Of course you can’t understand what those scribbles mean because , well, look at that mess; but you can see that I want to add something to that upper left hand area and add two extra corners, which I begin comme ça:
Imagine my surprise. I got the tone of the blues, greens, and yellow correct on the first try. So I continue to blob in the background foliage:
I am a huuuuuuge fan of letting the watercolor bleed into interesting splotches, so this is how I got the “pond” area soaking wet (but not too wet) and dropped in some contrasting color, and then I waited for it all to dry:
YES!!! I love that big bleed! And it works well with the already existing bleed. Yay. The hardest part is done. The rest of this rescue should be nothing but fun fun fun.
If you look closely, however, you can see that part of this beautiful bleed abuts abruptly and noticeably against a darker bit of splotch, which I will have to rectify:
I have to paint in a matching splotch:
And because the water lily pads did not exactly match up, I painted and cut out teeny little pads that I glued in, to act like sutures to the two parts of this illustration:
Cropped and ready for its close-up — and yes, you can see the “scar” between the original painting and the addition:
This will magically disappear when the printer scans it and cleans it up, much like I have done (see below) using the app that comes with iPhoto:
That scribble was all about a weeping willow tree that I wanted to introduce to the left hand side of the illustration. But I’m not totally committed to that idea, so to test it I paint and cut out a tree trunk and place it appropriately:
You might recall that I did a whole thing about the weeping willows in the Square du Vert-Galant garden on the tip of the Ile de la Cité in the middle of the Seine River in Paris in my book Gardens of Awe and Folly:
So I do know my way around a willow tree. But for Monet’s garden, I looked at Monet’s own use of the tree as a foreground device:
Here’s how I try out an idea on a finished painting: I slip the painting inside a clear plastic sheet protector and I paint on the plastic surface. In this case, I painted in the willow tree wisps in white acrylic paint (because water color does not apply to a plastic surface) and let dry. Then I painted over the white acrylic with my watercolors:
So now I got an idea of how my willow tree idea will go over:
I’m undecided. I don’t want this picture to look too busy. But I kind of like having that tree in the view. Whether the willow tree stays or not, I am cropping the illustration like this:
I might be too much in love with those bleeds to hide them with willow leaves, which might not be the best thing for this picture. Maybe it does need that foreground tree. I will dither over this indefinitely. I would appreciate your opinions.
As I type this, der Drumpf has spent the morning on Fox TV, admitting that he lied about his knowledge of the hush money paid to Stormy Daniels, although he claimed that Michael Cohen only represented him in a tiny fraction of his business dealings. Oh, you have to love an imbecile such as Drumpf:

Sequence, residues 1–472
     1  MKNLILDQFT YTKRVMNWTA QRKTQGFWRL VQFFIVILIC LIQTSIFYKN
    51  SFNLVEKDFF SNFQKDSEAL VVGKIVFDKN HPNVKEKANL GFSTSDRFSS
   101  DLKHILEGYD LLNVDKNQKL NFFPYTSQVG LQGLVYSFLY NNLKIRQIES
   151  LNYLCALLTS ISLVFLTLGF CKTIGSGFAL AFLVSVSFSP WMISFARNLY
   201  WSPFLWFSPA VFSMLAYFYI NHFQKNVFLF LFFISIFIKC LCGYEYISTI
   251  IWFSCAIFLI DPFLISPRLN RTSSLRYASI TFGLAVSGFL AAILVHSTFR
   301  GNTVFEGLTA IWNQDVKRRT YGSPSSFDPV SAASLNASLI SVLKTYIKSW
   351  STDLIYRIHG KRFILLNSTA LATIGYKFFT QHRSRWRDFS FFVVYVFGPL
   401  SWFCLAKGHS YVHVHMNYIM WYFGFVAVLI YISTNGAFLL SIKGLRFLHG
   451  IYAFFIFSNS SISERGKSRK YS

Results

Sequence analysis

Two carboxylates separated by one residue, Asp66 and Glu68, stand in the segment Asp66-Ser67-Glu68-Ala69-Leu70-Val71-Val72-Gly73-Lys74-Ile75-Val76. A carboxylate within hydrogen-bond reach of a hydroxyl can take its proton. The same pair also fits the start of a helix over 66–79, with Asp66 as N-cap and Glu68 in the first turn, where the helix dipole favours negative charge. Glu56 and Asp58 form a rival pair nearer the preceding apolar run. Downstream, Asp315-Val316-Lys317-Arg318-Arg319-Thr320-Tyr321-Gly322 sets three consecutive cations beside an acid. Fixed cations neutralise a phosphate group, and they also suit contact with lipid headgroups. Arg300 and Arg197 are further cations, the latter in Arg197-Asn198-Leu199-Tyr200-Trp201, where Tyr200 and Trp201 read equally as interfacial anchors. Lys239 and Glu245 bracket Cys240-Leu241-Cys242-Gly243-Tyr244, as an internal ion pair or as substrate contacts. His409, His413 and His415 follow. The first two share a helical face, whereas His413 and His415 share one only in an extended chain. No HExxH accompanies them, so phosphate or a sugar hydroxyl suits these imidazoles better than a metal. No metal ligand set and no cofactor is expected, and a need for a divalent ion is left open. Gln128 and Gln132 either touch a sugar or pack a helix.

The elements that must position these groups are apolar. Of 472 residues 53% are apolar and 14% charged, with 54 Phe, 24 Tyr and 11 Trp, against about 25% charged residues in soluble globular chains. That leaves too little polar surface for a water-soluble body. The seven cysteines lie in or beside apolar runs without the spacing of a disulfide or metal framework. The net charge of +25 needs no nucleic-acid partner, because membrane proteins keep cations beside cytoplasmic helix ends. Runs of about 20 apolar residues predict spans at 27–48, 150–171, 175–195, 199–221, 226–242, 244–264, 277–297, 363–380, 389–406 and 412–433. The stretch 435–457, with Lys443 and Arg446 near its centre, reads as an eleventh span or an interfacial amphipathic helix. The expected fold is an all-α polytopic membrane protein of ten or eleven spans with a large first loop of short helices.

The problem with Trump’s claim that Cohen only dealt with a small part of his legal work is that it dramatically complicates his lawyers’ efforts to shield documents seized in FBI raids under the guise of “attorney-client privilege.” And it proves that he lied about the pay-off when he stated, on Air Force One ON TAPE that he knew nothing about it.
He also admitted that he didn’t get Melania a gift for her birthday today, but he did get her a really nice card. Well…that’s what you get when you marry for money, honey.
Here is another quote from der Drumpf’s bloviation on Fox TV:
“I’m fighting a battle against a horrible group of deep-seated people, drain the swamp, that are coming up with all sorts of phony charges against me, and they’re not bringing up real charges against the other side.”
The way Dumpf drops in that slogan — drain the swamp — out of nowhere . . . that is hilarious, and classic Drumpfery. Equally enjoyable was seeing the terrified looks on the faces of the sycophants of his Fox & Friends as they realized that letting Drumpf prattle on and on was not a good idea after all.
Another unhinged quote, this time about Mr. Meuller’s investigation at the FBI:
“If you take a look, they’re so conflicted, the people that are doing the investigation, you have 13 people that are Democrats, you have Hillary Clinton people, you have people that worked on Hillary Clinton’s foundation. I don’t mean Democrats, I mean, like, the real deal.”
Like, I hope Fox & Friends invites him back real soon. It makes me happy when the world gets to hear Drumpf doing Drumpf.
It makes me this happy:
Have a happy weekend, everyone. Re-use the plastic straws in your tipple; tune in to the Today Show on Monday morning, April 30, to feast your eyes on a pair of Brit vegans who going to show us all how to cook delicious vegetable-based food and save the world; and please go find your patch of dirt in the sun and have a good roll.